Vernix caseosa (sometimes just called the vernix) is a coating that develops and covers baby while they are in the womb.

It is made up of fats, proteins, and skin cells.

It is white and looks a little like cheese! – and its name comes from these characteristics. (“Vernix” comes from a Latin word meaning “varnish,” and “caseosa” comes from a Latin word meaning “cheesy” or “cheese-like.”)

The main reason why babies have vernix caseosa is to keep their skin from wrinkling while they’re in the womb.

If they didn’t have vernix caseosa, the constant exposure to amniotic fluid would wrinkle or chap their skin, kind of like how our own skin gets wrinkled after bathing or swimming.

Vernix caseosa starts to appear around the 20th week of pregnancy. It keeps thickening until around week 34, when it starts to shed into the amniotic fluid. By week 40, most of the vernix has vanished.

So, if baby is born very close to their due date, they’ll probably have just a bit of vernix. If they’re born a few weeks ‘early’, they’ll usually have a lot more. And if baby is born ‘late’, the vernix might already be gone.

Although vernix caseosa’s main purpose is to protect baby’s skin while they’re in the womb, it also has several other benefits for baby – before, during, and after birth:

*Lubricates baby, so they pass through the birth canal with less friction.
*Acts as a natural moisturiser, both before and after birth.
*Protects a newborn from infections shortly after birth
*Helps baby regulate their body temperature once they’ve left the womb.

Although you might see the vernix and think that baby needs a bath, don’t be tempted to have it cleaned off right away. Instead, it’s best to wait at least a day or more before baby gets their first sponge bath, so baby can benefit from the vernix for a longer period.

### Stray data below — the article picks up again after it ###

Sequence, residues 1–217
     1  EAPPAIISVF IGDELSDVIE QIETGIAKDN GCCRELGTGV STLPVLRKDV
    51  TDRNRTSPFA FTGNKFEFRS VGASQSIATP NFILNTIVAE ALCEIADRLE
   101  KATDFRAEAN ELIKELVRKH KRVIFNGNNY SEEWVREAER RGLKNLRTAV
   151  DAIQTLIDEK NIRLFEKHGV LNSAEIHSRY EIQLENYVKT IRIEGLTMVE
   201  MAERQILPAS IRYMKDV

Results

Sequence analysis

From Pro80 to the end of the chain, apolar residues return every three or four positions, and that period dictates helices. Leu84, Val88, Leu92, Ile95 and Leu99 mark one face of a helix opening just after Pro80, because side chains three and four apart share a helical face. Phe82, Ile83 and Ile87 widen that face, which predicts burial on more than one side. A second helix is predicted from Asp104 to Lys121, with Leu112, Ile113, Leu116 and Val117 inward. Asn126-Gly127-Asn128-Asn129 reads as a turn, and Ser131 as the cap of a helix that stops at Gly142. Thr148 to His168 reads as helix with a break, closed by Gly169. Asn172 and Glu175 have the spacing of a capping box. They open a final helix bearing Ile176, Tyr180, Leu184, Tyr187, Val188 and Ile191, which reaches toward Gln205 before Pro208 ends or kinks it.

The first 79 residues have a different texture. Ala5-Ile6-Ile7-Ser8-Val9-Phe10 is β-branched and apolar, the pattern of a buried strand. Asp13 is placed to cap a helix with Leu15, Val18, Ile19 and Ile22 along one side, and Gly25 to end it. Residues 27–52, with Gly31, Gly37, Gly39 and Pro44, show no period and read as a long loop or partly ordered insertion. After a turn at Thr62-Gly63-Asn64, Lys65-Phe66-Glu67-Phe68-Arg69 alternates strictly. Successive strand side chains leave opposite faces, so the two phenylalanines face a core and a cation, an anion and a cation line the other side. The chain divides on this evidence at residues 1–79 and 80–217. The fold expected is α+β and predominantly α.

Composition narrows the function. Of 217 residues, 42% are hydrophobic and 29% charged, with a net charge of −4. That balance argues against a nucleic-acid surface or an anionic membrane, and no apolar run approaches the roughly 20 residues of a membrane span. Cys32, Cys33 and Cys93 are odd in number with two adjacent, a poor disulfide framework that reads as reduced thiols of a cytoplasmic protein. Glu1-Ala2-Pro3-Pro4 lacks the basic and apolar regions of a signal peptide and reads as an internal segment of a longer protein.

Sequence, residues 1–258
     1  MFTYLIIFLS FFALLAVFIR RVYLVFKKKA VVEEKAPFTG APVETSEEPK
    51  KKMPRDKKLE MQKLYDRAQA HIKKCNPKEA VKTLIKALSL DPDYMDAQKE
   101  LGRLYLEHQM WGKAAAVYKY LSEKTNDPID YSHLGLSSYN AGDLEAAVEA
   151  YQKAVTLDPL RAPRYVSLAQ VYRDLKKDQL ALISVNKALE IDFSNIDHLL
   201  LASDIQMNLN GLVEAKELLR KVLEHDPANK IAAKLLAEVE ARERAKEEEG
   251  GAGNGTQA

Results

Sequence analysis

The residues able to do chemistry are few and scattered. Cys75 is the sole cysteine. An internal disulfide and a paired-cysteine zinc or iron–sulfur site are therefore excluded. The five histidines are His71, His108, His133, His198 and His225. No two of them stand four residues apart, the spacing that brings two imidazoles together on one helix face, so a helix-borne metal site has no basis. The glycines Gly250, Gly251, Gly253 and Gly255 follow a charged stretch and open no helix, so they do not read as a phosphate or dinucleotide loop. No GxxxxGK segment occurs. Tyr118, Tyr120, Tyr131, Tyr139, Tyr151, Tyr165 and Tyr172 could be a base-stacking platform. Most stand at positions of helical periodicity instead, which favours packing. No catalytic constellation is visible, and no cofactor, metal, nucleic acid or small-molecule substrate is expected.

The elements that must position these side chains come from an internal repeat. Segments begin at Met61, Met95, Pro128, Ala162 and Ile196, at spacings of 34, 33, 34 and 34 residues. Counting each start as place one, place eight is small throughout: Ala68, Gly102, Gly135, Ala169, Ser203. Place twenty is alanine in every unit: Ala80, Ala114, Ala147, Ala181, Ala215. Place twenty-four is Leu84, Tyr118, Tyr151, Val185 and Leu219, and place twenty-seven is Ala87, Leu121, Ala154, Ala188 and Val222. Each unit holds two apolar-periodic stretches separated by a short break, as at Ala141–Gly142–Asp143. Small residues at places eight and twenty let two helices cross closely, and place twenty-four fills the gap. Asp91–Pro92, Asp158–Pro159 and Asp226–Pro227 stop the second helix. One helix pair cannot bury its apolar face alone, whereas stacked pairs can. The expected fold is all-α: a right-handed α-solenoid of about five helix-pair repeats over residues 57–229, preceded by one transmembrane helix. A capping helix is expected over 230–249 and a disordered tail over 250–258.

According to the World Health Organization (WHO) recommendation, “Bathing should be delayed until 24 hours after birth. If this is not possible due to cultural reasons, bathing should be delayed for at least six hours.”

Instead, let baby’s skin absorb the vernix on its own, like you would with any moisturizer (after all, the vernix is nature’s moisturizing lotion!)

  • Baby’s skin will usually absorb the vernix between 24 and 48 hours after birth.
  • You can also help the process by gently rubbing the vernix into baby’s skin over those two days, like you would with any moisturizer.

An added bonus of not bathing baby immediately is that baby and mother can begin skin-to-skin contact right away, and enjoy more bonding time in the crucial first hours after baby is born.

As for when exactly to time the bath, after those first 24 hours? That’s up to you, as there’s no recommendation on the latest time the first bath should happen but there is definitely no rush.

Keep in mind that most (if not all) of the vernix should be gone within a couple of days.  No need to rush – choose what’s best for you and your little one.

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